Moreover the law entered, that the offence might abound. But where sin abounded, grace did much more abound.

—Romans 5:20

Grace is God’s goodness, the kindness of God’s heart, the good will, the cordial benevolence. It is what God is like. God is like that all the time. You’ll never run into a stratum in God that is hard. You’ll always find God gracious, at all times and toward all peoples forever. You’ll never run into any meanness in God, never any resentment or rancor or ill will, for there is none there. God has no ill will toward any being. God is a God of utter kindness and cordiality and good will and benevolence. And yet all of these work in perfect harmony with God’s justice and God’s judgment. I believe in hell and I believe in judgment. But I also believe that there are those whom God must reject because of their impenitence, yet there will be grace. God will still feel gracious toward all of His universe. He is God and He can’t do anything else….

What God is, God is! When Scripture says grace does “much more abound,” it means not that grace does much more abound than anything else in God but much more than anything in us. No matter how much sin a man has done, literally and truly grace abounds unto that man. AOG103-105

Lord, I am so horribly rebellious and sinful in the light of Your perfect holiness. Thank You that where sin abounds, Your grace abounds even more! Amen. [1]

As Paul explains more fully in chapter 7, the energizing force behind man’s sin is the Law, which came in that the transgression might increase. Knowing that he would be charged with being antinomian and with speaking evil of something God Himself had divinely revealed through Moses, Paul states unequivocally that “the Law is holy, and the commandment is holy and righteous and good” (Rom. 7:12). Nevertheless, God’s own Law had the effect of causing man’s transgression to increase.

It should be noted here that God’s law-ceremonial, moral, or spiritual-has never been a means of salvation during any age or dispensation. The divinely-ordained place it had in God’s plan was temporary. As the biblical scholar F. F. Bruce has stated, “The law has no permanent significance in the history of redemption” (The Letter of Paul to the Romans [Grand Rapids: Eerdmans, 1985], p. 121). Paul has already declared that Abraham was justified by God solely on the basis of his faith-completely apart from any good works he accomplished and several years before he was circumcised and many centuries before the law was given (4:1–13).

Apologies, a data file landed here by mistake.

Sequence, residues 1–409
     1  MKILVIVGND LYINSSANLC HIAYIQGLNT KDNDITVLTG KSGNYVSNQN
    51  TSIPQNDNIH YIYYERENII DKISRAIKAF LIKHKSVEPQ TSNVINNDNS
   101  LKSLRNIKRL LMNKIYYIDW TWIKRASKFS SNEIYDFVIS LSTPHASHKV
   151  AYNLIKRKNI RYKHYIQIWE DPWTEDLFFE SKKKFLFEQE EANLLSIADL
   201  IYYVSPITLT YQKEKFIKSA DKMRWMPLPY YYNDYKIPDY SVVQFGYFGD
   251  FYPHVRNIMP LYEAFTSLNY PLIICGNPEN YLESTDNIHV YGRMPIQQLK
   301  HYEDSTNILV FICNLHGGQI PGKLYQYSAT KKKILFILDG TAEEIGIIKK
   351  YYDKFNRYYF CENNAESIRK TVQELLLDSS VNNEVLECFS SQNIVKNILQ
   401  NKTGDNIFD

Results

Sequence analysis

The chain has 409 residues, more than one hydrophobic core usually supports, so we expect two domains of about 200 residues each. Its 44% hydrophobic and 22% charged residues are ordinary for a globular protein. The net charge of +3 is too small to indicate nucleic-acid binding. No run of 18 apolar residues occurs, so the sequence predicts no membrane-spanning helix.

The Law was a corollary element in God’s plan of redemption, serving a temporary purpose that was never in itself redemptive. Disobedience to the law has never damned a soul to hell, and obedience to the law has never brought a soul to God. Sin and its condemnation were in the world long before the law, and so was the way of escape from sin and condemnation.

God gave the Law through Moses as a pattern for righteousness but not as a means of righteousness. The law has no power to produce righteousness, but for the person who belongs to God and sincerely desires to do His will, it is a guide to righteous living.

The law identifies particular transgressions, so that those acts can more easily be seen as sinful and thereby cause men to see themselves more easily as sinners. For that reason the Law also has power to incite men to unrighteousness, not because the Law is evil but because men are evil.

The person who reads a sign in the park that forbids the picking of flowers and then proceeds to pick one demonstrates his natural, reflexive rebellion against authority. There is nothing wrong with the sign; its message is perfectly legitimate and good. But because it places a restriction on people’s freedom to do as they please, it causes resentment and has the effect of leading some people to do what they otherwise might not even think of doing.

The Law is therefore a corollary both to righteousness and to unrighteousness. For the lawless person it stimulates him to the disobedience and unrighteousness he already is inclined to do. For the person who trusts in God, the law stimulates obedience anti righteousness.